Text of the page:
First, I am a Southerner. If you are not from the South, then you probably have no idea what it’s like to live in a country you love and would give your life for, while at the same time feel sorta like you’re living in occupied territory. Being a Southern-bred, red-blooded American is sort of like having a split personality. And I’m proud of my personality.

Second, General Robert E. Lee is one of my heroes, and I will not apologize for that fact, despite the fact that our Confederate heritage is under attack from almost every direction. As a matter of fact, precisely because it seems everything Southern is being scrutinized by those jumping on the politically-correct bandwagon, I am more so on the defensive. I have a portrait of General Lee in my study, and that’s where it will stay.

Third, it disgusts me to see so many people not care about something one day, but then when it seems like not caring will cost political points or make one appear uncaring, they all of a sudden care to the extreme. If it wasn’t such a big deal last week, then it’s just pandering this week.

Fourth, I see all these politicians going to black (African-American) churches to decry racial discrimination, but fail to hear them recognize the irony of giving those speeches in racially segregated congregations! Am I the only one seeing this?!

Fifth, I hope the world can recognize the difference in the way a Southern, Christian community can respond to tragedy without burning itself down in the process. Love, and coming together to forgive the unlovable, is not the way of the Al Sharptons and the Jessie Jacksons, which proves they have no desire to emulate the crucified Christ who said, “Father, forgive them, for they know not what they do.” They care nothing of the commandment to “love your enemies.”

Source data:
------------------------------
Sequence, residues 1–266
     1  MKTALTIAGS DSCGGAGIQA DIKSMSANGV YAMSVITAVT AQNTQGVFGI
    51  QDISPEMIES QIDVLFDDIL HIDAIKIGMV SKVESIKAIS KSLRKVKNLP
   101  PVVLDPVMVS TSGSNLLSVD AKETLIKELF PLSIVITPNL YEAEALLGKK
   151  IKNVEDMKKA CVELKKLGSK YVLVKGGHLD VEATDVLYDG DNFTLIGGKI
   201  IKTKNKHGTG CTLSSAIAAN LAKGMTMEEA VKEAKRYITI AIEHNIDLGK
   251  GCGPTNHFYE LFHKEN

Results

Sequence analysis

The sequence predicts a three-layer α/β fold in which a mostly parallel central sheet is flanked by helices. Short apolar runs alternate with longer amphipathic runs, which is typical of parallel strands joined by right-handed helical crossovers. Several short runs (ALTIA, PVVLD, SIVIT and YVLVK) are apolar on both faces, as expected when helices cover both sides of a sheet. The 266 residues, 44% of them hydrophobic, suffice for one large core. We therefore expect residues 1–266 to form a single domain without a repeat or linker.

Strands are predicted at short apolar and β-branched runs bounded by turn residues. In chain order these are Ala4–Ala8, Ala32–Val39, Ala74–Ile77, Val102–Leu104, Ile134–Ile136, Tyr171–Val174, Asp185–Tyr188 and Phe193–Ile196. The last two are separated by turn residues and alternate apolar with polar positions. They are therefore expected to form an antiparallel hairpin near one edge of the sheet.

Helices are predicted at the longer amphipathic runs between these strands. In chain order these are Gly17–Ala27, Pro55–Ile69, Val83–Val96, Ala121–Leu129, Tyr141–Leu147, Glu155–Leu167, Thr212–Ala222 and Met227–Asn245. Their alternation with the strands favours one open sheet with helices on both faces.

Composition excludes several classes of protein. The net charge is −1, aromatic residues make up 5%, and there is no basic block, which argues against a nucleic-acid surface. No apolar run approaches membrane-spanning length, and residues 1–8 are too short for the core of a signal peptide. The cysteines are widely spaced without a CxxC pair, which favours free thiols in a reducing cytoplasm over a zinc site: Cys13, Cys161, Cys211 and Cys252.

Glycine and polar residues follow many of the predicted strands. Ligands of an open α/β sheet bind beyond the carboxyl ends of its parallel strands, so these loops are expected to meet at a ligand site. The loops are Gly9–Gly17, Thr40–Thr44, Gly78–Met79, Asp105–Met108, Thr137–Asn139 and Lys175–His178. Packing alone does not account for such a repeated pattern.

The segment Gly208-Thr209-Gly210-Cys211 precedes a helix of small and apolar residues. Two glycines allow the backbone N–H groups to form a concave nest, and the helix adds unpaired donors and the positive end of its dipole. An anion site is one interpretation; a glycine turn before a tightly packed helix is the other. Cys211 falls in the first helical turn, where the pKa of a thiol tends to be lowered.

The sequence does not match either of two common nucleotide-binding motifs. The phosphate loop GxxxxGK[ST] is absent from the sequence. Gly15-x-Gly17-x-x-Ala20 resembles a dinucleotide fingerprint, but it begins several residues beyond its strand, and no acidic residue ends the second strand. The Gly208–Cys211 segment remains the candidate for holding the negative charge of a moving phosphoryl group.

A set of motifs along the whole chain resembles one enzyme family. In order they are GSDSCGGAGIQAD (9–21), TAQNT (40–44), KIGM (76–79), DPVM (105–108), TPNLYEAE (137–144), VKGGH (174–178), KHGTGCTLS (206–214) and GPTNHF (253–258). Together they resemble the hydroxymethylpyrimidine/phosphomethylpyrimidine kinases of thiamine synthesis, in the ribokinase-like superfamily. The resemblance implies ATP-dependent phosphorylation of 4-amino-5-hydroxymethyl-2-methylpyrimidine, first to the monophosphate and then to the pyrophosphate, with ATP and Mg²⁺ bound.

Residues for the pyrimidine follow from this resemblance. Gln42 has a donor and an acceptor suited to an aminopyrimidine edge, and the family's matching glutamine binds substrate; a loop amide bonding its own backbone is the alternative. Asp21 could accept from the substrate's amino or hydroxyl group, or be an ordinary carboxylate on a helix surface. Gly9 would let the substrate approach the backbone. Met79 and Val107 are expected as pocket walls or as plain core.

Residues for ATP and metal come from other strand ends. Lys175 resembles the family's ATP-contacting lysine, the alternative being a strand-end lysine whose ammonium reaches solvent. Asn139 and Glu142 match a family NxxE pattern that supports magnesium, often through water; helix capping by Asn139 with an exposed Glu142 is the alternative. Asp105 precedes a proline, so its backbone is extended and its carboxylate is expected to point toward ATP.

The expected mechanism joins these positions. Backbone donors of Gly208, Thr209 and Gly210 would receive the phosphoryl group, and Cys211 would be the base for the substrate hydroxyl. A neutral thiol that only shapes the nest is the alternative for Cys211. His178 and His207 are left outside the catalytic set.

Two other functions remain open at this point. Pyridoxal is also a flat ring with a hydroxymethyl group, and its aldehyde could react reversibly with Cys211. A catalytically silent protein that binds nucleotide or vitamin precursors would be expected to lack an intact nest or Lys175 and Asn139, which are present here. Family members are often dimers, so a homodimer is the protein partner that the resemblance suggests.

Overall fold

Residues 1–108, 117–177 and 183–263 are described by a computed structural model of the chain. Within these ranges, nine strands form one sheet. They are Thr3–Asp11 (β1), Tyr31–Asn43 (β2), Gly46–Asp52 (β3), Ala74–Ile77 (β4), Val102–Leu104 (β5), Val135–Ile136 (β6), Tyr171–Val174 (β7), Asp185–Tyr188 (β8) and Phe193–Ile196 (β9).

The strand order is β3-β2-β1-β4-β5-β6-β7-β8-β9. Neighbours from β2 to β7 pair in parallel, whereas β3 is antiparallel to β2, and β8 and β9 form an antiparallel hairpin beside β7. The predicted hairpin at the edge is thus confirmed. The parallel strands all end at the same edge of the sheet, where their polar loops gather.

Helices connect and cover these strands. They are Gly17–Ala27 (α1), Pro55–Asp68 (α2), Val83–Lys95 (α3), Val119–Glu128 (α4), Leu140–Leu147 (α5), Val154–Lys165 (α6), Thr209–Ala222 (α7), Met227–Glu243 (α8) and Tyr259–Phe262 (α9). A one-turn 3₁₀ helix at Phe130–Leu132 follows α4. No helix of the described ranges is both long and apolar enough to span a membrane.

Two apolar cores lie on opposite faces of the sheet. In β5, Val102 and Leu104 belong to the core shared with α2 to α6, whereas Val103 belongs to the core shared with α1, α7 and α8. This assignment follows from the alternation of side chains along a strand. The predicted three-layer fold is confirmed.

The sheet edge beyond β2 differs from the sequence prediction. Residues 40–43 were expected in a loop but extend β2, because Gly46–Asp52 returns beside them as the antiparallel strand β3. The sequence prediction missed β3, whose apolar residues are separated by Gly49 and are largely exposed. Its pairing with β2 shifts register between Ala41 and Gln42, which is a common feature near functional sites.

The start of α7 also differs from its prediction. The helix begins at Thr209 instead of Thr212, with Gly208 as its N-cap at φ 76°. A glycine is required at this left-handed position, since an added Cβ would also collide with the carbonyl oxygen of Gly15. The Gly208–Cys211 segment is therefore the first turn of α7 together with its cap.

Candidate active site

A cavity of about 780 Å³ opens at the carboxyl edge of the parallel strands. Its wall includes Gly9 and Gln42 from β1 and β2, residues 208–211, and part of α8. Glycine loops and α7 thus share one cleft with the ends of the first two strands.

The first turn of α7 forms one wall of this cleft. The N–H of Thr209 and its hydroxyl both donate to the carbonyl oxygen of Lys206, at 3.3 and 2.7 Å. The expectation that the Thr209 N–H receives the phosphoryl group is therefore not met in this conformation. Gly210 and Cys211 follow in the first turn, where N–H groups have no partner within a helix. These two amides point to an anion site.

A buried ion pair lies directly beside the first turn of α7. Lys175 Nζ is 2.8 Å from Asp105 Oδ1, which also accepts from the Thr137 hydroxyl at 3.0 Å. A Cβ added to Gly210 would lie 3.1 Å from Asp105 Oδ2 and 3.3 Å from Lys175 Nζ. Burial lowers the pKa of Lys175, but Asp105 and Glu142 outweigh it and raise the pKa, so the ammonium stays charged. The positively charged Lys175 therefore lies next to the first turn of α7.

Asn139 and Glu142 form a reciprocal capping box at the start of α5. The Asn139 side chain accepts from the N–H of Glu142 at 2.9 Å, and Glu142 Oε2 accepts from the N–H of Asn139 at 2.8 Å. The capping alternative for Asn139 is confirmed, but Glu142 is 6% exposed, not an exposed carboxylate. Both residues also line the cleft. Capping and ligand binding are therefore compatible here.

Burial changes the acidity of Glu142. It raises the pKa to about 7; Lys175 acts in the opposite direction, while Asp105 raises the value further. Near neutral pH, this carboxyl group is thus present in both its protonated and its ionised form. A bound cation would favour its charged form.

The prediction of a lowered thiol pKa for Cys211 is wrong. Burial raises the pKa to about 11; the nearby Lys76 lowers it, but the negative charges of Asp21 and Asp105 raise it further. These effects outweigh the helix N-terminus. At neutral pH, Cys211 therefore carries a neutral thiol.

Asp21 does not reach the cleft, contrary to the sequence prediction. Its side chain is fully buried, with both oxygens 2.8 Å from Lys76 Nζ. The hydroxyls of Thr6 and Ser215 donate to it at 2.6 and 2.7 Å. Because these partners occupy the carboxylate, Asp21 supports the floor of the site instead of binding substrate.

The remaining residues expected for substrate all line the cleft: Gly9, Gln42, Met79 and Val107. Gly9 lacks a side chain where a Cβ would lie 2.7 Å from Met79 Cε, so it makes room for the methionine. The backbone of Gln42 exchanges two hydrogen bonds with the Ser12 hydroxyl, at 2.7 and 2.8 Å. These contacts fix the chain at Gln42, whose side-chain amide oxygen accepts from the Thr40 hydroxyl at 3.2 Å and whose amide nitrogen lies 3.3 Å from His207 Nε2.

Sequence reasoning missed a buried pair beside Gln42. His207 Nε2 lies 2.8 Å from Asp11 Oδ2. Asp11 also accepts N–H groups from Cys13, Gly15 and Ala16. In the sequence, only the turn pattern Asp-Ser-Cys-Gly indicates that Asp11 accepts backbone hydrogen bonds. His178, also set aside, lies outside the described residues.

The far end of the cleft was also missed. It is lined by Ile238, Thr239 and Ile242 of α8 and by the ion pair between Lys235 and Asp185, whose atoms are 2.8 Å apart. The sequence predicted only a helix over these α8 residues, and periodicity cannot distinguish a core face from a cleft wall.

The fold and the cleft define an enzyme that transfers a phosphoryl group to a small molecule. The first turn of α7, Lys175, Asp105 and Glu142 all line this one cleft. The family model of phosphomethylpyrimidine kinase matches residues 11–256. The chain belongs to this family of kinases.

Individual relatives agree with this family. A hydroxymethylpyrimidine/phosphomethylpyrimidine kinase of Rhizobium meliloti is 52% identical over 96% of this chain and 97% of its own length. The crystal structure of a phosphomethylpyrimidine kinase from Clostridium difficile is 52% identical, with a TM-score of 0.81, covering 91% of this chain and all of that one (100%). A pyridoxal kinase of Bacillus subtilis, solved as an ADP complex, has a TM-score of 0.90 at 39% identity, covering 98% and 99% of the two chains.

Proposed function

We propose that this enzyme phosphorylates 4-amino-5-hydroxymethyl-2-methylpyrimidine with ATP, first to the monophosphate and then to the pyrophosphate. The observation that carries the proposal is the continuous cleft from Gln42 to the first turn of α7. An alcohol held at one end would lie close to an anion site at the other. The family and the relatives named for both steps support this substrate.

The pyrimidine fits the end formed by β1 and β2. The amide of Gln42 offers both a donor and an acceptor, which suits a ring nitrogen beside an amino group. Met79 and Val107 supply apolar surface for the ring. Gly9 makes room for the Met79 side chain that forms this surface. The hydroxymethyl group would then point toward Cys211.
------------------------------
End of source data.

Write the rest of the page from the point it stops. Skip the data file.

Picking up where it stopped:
Sixth, I’d bet my next paycheck a rainbow flag actually offends me more than a Confederate battle flag offends Hillary Clinton.

Lastly, this flag flap controversy, if nothing else, should prove to the true believer in Jesus Christ that we are all strangers and pilgrims in this world. The words of a children’s song I used to sing in Sunday School should pretty much sum it up: “Jesus is the Rock of my salvation; His banner over me is Love.”

Fly whatever flag you want, but the ensign over my heart is Jesus: may HE be high and lifted up (John 12:32).

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Filed under America, current events, General Observations, Struggles and Trials